For example, carbon-based reversible resistance-switching material of element 12 may be in an initial, low-resistivity state upon fabrication. Upon application of a first voltage and/or current, the material is switchable to a high-resistivity state. Application of a second voltage and/or current may return reversible resistivity switching material to a low-resistivity state. Alternatively, carbon-based reversible resistance-switching element 12 may be in an initial, high-resistance state upon fabrication that is reversibly switchable to a low-resistance state upon application of the appropriate voltage(s) and/or current(s). When used in a memory cell, one resistance state may represent a binary “0,” whereas another resistance state may represent a binary “1,” although more than two data/resistance states may be used. Numerous reversible resistivity switching materials and operation of memory cells employing reversible resistance switching elements are described, for example, in U.S. patent application Ser. No. 11/125,939, filed May 9, 2005, and titled “Rewriteable Memory Cell Comprising A Diode And A Resistance Switching Material,” (the “'939 Application”), which is incorporated by reference herein in its entirety for all purposes.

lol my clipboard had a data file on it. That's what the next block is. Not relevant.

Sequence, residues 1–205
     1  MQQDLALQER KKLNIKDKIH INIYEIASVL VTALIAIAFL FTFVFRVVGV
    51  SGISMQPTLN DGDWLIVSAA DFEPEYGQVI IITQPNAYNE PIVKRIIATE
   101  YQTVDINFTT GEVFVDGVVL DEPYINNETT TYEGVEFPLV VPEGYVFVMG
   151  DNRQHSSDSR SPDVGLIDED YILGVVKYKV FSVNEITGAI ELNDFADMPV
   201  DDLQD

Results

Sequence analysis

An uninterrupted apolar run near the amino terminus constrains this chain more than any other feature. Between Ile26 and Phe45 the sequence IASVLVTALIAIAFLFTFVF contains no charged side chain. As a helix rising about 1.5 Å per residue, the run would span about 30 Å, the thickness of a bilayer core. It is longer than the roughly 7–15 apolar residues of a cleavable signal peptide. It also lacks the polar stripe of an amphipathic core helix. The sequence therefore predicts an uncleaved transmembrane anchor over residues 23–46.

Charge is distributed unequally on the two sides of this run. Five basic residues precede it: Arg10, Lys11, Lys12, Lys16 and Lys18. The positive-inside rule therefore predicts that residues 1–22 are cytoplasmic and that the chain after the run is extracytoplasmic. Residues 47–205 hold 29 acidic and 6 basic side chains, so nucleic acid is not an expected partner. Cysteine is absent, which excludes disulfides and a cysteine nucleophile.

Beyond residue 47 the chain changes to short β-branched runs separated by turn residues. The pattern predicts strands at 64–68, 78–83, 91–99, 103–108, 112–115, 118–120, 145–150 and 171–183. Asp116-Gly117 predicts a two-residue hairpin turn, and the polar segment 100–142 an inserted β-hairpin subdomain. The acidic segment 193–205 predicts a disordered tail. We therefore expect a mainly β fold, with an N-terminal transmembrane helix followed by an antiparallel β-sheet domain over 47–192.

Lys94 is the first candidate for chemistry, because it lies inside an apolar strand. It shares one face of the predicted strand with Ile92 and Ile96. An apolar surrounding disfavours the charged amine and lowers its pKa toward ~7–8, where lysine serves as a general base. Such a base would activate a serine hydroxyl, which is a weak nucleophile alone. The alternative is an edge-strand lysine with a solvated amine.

Steering element 14 may include a thin film transistor, a diode, metal-insulator-metal tunneling current device, or another similar steering element that exhibits non-ohmic conduction by selectively limiting the voltage across and/or the current flow through carbon-based reversible resistance-switching element 12. In this manner, memory cell 10 may be used as part of a two or three dimensional memory array and data may be written to and/or read from memory cell 10 without affecting the state of other memory cells in the array.